Adjusting Entries | Push Digits Chartered Accountants

Adjusting Entries

These type of adjusting entries are usually made at the end of a reporting period to record revenues which have been earned but have not been entered in the accounting records, and expenses that have been incurred but are yet to be recorded in the accounting ledgers.

Adjusting entries are basically used for converting an entity’s accounting records to the accrual basis of accounting. An entity makes adjusting entries to its accounting records prior to issuing its financial statements.

Adjusting entries are commonly used by entities to record the following:

  • Amortization and depreciation
  • Impairment of an asset
  • Allowance for doubtful debts
  • Warranty reserve
  • Reserve for sale returns
  • Accrued revenue

When you record a deferral, accrual, or estimate journal entry, it usually impacts a liability or asset account. For example, if an entity accrues an expense, this also increases the entity’s liability. If an entity defers recognition of its revenue to a later period, this also increases the entity’s liability. Therefore, it can be said that adjusting entries not only impacts the income statement of an entity but also its balance sheet.

Types of Adjusting Journal Entries

Adjusting entries are of three types which are as follows:

Accruals

Adjusting entries for accruals are used for recording income or expenditure that has been earned or incurred but are yet to be recorded in the entity’s accounting ledgers.

Deferrals

These are adjusting entries that are used for deferring income/ expenditure that has been recorded but is yet to be earned or used.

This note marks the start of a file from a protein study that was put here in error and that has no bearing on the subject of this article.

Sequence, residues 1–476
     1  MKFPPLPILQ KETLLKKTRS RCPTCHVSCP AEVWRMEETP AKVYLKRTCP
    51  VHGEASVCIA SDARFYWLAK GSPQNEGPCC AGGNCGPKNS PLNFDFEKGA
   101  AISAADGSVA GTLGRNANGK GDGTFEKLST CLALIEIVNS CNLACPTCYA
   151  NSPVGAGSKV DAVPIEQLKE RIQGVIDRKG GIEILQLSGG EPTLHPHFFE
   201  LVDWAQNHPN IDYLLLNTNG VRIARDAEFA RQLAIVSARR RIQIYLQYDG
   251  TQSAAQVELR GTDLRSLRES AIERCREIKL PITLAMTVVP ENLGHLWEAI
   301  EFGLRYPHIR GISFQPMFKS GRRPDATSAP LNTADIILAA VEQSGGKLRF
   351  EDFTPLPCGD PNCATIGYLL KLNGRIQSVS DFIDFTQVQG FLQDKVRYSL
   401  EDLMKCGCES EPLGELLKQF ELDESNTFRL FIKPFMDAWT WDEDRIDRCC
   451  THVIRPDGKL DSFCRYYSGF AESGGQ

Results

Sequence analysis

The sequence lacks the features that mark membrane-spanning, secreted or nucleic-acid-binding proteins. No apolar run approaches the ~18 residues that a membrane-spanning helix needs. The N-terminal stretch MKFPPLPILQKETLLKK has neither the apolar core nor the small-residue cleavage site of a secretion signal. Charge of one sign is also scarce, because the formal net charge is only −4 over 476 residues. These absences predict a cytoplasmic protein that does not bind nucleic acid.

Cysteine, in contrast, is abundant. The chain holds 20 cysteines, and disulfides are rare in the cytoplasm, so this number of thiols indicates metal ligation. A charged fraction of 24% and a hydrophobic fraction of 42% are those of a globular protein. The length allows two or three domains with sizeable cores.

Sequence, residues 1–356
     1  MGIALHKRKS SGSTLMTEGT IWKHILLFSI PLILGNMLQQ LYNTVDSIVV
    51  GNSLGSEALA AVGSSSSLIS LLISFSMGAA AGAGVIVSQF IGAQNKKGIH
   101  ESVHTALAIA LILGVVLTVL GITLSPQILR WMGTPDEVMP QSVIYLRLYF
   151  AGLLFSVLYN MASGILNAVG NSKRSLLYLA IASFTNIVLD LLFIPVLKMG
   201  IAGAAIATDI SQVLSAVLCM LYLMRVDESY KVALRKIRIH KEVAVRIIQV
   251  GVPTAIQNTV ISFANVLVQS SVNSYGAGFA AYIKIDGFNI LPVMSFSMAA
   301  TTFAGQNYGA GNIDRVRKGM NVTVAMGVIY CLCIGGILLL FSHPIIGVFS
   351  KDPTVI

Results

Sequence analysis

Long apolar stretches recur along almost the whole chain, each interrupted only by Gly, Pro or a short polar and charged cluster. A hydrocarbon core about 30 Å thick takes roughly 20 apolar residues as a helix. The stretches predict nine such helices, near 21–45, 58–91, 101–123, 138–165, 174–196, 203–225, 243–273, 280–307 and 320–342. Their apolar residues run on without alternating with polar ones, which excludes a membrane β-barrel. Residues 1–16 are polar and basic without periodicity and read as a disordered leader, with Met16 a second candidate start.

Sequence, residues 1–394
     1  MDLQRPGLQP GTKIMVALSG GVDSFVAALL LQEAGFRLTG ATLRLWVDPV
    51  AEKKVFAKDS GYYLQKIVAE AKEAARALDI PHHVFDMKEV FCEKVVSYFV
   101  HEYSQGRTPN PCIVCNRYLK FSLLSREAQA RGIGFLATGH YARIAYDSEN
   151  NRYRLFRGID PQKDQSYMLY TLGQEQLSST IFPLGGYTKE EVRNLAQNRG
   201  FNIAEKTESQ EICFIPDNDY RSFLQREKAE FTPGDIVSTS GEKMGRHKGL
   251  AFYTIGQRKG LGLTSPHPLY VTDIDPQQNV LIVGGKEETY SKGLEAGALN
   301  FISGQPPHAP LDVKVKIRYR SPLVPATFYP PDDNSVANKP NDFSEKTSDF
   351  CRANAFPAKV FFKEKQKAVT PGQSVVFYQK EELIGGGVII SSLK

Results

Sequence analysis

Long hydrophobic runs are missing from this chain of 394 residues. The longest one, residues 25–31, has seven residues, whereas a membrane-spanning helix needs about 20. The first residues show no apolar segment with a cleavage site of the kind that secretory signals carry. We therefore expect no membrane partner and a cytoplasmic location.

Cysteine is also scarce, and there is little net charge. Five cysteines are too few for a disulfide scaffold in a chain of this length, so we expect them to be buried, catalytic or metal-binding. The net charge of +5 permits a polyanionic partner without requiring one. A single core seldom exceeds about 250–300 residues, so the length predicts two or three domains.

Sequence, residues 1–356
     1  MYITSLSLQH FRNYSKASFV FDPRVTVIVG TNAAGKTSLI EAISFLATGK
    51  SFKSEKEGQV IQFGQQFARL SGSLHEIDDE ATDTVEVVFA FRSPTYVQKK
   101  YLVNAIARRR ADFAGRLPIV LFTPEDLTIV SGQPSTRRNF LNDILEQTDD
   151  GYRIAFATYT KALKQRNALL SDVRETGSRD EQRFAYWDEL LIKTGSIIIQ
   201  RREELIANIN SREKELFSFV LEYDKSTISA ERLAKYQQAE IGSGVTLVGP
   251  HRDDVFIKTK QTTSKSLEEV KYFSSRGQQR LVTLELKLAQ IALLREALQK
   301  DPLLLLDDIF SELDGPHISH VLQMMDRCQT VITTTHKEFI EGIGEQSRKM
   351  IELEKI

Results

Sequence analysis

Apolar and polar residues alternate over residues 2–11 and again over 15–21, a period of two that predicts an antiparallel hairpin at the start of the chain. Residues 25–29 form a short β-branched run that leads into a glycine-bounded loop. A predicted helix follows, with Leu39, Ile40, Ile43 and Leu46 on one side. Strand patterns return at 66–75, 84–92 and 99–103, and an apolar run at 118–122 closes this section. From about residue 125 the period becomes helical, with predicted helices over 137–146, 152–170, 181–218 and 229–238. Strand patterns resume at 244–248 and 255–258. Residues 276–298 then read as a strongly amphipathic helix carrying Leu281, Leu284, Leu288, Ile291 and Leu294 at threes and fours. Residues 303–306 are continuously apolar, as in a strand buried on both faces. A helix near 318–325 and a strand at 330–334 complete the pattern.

Estimates

These entries involve the recording of an estimate such as reserve for obsolete inventory or allowance for doubtful debts.

Reversing Entries

As we all know most of the adjusting entries which an entity makes in its accounting ledgers involve deferrals and accruals so it is necessary for an entity to set up these adjusting entries as reversing entries if its accounting system allows. This means that the accounting system/ software automatically generates an entry opposite to the adjusting entry at the start of the next financial year. By doing so the entity is able to eliminate the impact of an adjusting entry in case the accounting records are viewed over two financial periods.

Best Practices to Follow for Recording Adjusting Entries

An entity should evaluate its accounts at the end of each financial period for potential adjustments. All the adjusting entries which an entity is required to make in its accounting records should be mentioned in the entity’s closing checklist. The entity should also make a template for an adjusting journal entry in its accounting software which can be repeated so there is no need to construct that entry each month.

Examples of Adjusting Journal Entries

Example 1:

ABC Company records $3,000 allowance for doubtful debts. The entry for the above-mentioned transaction is as follows:

Account Head Debit $ Credit $
Bad debts expense 3,000
Allowance for doubtful debts 3,000

Example 2:

ABC Company records a $5,000 depreciation associated with its non – current assets during a specific accounting period. The entry for the above-mentioned transaction is as follows:

Account Head Debit $ Credit $
Depreciation expense 5,000
Accumulated depreciation 5,000

Example 3:

ABC Company records accrue revenue of $13,000 which has been earned but is yet to be billed by the entity. The entry for the above-mentioned transaction is as follows:

Account Head

Debit $

Credit $
Trade debtors 13,000
Revenue 13,000
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